You all know that I don’t particularly like Opera. I find the product to be lacking polish, over-complicated and without the marketing pizazz that has made Firefox a household name. That’s just my personal opinion, and that opinion has garnered many complaints of unjustness. To that end, to present a fairer discussion I would like to put a simple question to the community: “What should Opera do?”.
The Opera Problem
Opera wants to increase its marketshare in America:
In the US, the latest figures by Net Applications showed Opera is 5th in the market with a 2% share behind Microsoft, Apple, Google and Firefox.
But Opera claimed in other parts of the globe it is the most popular browser of choice with growth last year of 67%.
“The reality is that in the U.S. we have some work to do,” Opera boss Jon von Tetzchner told BBC News.
Which really makes me wonder what it is, culturally speaking, that is holding back Opera in the American market (and in similar cultures like the UK too)?
There are a number of personal complaints I have against the product and how it is presented as a whole, but these complaints can hardly be claimed as representative of the whole market.
Generally speaking, when a browser holds a majority, it is very hard to unseat unless it’s doing things very badly, or that the new arrival is doing things so much better. Opera has been around since 1994, and–in my ignorance–I would guess that Opera’s large adoption in eastern Europe comes down to the possibility that these countries experienced less of a dominating corporate-based IT infrastructure during the 90’s and that home users of PCs saw that IE was no good and adopted Opera to facilitate their own personal use of the web.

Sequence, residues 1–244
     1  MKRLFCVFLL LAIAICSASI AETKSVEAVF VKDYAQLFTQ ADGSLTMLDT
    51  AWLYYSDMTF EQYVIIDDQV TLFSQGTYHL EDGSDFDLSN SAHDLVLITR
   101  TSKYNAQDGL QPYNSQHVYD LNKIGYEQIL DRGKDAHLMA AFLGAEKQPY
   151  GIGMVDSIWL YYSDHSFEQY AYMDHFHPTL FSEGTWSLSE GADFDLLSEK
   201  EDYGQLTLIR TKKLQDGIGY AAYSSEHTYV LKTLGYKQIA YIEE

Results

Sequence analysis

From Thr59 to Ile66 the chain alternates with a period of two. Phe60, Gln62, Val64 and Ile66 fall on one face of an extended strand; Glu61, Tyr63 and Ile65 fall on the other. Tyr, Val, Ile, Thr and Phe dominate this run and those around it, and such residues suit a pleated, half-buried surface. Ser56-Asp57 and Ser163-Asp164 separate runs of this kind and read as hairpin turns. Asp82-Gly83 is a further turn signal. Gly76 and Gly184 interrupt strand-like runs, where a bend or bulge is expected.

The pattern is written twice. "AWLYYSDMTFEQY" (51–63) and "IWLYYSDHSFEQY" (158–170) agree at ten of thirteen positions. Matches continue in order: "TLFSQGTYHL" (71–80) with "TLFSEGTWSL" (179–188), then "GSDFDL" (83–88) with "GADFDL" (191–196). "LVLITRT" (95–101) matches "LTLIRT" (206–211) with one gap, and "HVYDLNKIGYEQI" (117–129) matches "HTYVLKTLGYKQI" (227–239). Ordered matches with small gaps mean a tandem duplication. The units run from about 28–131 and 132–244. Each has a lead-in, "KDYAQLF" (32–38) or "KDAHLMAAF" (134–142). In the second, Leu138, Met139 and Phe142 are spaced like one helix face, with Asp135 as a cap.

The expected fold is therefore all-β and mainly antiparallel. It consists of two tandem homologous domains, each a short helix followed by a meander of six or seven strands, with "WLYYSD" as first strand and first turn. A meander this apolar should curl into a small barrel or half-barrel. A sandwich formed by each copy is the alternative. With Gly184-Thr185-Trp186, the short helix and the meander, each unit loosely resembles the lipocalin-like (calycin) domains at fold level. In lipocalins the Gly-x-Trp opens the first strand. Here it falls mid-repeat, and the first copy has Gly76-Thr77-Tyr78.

The situation in America during the 90’s was vastly different though. Many people’s experiences of computers, and the web was through corporate desktops that they had no control over. Due to IE being easier to manage in a networked environment, a culture of IE-based infrastructure sprang up, including the dreaded Intranets and IE-only websites.
It was Firefox (and more-so the grass-roots movement to unseat the stagnant IE and the severe damage to the web that it had caused) that changed that IE-dominant mindshare. If Opera had had the right marketing at the right time, they could be where Firefox is now. Mozilla’s stance on an open-web, rather than just a browser-alone rang much further in my opinion, and people would have been less open to changing from one browser from one vendor to just another browser from another vendor without some kind of cultural movement behind it.
Now that the browser market is all the more vibrant and diverse than ever before, Opera has still been unable to gain any kind of meaningful traction. Any gain they had made in America was wiped out by both Safari and Google Chrome (both from American companies) which have already overtaken Opera in such a short time that it’s terribly embarrassing given Opera’s long history of innovation.
Whilst I’ll be asking you to contribute to this list and necessitate some answers, here are a few points I picked up on where I think Opera are not doing the right things to attract the American customer.
- Opera is not a compelling brand
- I just don’t think the Opera brand rings well with the Anglo-American market. Opera should be the company, the browser should be something else. You need a brand that people don’t feel like idiots for talking about. Mozilla are currently struggling with this in China, where pickup is very slow and ‘homegrown’ applications are outpacing IE, despite being nothing but IE-wrappers.
- You need a movement, not just a browser
- Mozilla have been backing their browser by their manifesto to make the web open and participatory. Call it what you want, but it wins them brownie points with everybody who supports the cause, particularly web-developers who have been sick to death of IE for years. Opera needs to pick a movement to back–I would favour data-portability and openness (an increasingly contentious issue). Opera have not been doing too well in this regard either: the browser is closed-source and Opera Unite, their claim to democratise your data is a centralised system dependent on Opera servers where users have to conform to Terms of Service. Being closed-source is fine, I don’t care about that, I couldn’t read the code anyway–but implementing yet another walled garden is not the way to go.